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Sources for the History of the Copperbelt  

Duncan Money

The Central African Copperbelt is among the most closely studied regions on the African continent and has been of enduring interest to successive generations of scholars. This mining region stretched out across the border of the Democratic Republic of Congo (DR Congo) and Zambia and was transformed by the onset of industrial mining in the early 20th century, which brought about rapid urbanization and wide-ranging social change. The type and location of some of the major available sources on the Copperbelt’s modern history vary widely and include those produced by the state, companies, international organizations, missionaries, and scholars, along with newspapers and photographs. Knowledge production about the region has been shaped by the mining industry and the state and this has consequences for the kinds of sources available about the past, which are primarily state and company archives.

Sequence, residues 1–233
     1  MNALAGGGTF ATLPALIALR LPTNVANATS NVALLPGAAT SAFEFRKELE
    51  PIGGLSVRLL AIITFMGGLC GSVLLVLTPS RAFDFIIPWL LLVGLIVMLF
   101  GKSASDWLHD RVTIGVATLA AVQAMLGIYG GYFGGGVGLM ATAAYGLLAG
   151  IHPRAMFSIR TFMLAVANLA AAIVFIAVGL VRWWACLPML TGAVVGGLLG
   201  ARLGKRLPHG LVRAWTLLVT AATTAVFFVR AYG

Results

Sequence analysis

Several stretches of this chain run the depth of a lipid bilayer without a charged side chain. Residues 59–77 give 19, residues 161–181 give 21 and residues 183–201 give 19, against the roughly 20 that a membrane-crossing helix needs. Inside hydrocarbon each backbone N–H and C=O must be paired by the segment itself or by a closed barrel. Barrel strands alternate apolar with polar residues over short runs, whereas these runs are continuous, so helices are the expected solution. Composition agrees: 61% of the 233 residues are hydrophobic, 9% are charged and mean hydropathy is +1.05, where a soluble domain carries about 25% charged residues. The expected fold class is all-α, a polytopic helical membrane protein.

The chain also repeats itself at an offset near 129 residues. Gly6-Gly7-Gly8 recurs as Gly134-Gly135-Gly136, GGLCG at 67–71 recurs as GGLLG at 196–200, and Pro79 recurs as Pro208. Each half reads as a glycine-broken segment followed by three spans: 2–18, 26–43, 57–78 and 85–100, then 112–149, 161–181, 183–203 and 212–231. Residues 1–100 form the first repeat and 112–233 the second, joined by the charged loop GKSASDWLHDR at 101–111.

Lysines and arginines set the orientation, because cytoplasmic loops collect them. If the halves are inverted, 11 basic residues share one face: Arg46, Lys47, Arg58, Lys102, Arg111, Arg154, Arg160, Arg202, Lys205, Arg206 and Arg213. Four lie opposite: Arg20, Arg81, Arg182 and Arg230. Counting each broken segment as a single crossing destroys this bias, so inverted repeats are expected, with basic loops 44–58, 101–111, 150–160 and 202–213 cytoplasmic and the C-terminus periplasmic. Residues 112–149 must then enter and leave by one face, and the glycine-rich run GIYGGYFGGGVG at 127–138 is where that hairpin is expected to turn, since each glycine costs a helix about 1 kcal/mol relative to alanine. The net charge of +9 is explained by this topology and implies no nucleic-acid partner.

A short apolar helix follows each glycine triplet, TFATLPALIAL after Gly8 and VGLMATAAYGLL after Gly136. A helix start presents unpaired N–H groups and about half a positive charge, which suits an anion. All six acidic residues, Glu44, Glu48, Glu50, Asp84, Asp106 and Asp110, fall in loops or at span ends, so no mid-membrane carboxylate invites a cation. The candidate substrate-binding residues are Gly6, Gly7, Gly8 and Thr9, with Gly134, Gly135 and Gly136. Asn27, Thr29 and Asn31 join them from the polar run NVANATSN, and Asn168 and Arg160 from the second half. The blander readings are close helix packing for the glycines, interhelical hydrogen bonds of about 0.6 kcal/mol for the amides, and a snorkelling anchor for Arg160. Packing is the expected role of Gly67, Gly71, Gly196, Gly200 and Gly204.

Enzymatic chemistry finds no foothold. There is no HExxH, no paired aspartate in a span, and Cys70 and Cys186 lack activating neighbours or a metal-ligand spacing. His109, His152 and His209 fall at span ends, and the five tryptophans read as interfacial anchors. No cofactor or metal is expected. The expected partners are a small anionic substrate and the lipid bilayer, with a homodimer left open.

Article

Newspapers as Sources for African History  

Emma Hunter

Newspapers have become increasingly important as a source for African history, and the range of historical questions newspapers have been employed to address has expanded dramatically. Newspapers are not only sources for political history, they also have much to teach us about the social, cultural, and intellectual history of Africa. They were spaces of literary and textual experimentation. They also played an important role in the creation of new identities. It is essential, however, that we approach newspapers critically as sources and think carefully about their limitations, as well as the opportunities they present to the historian.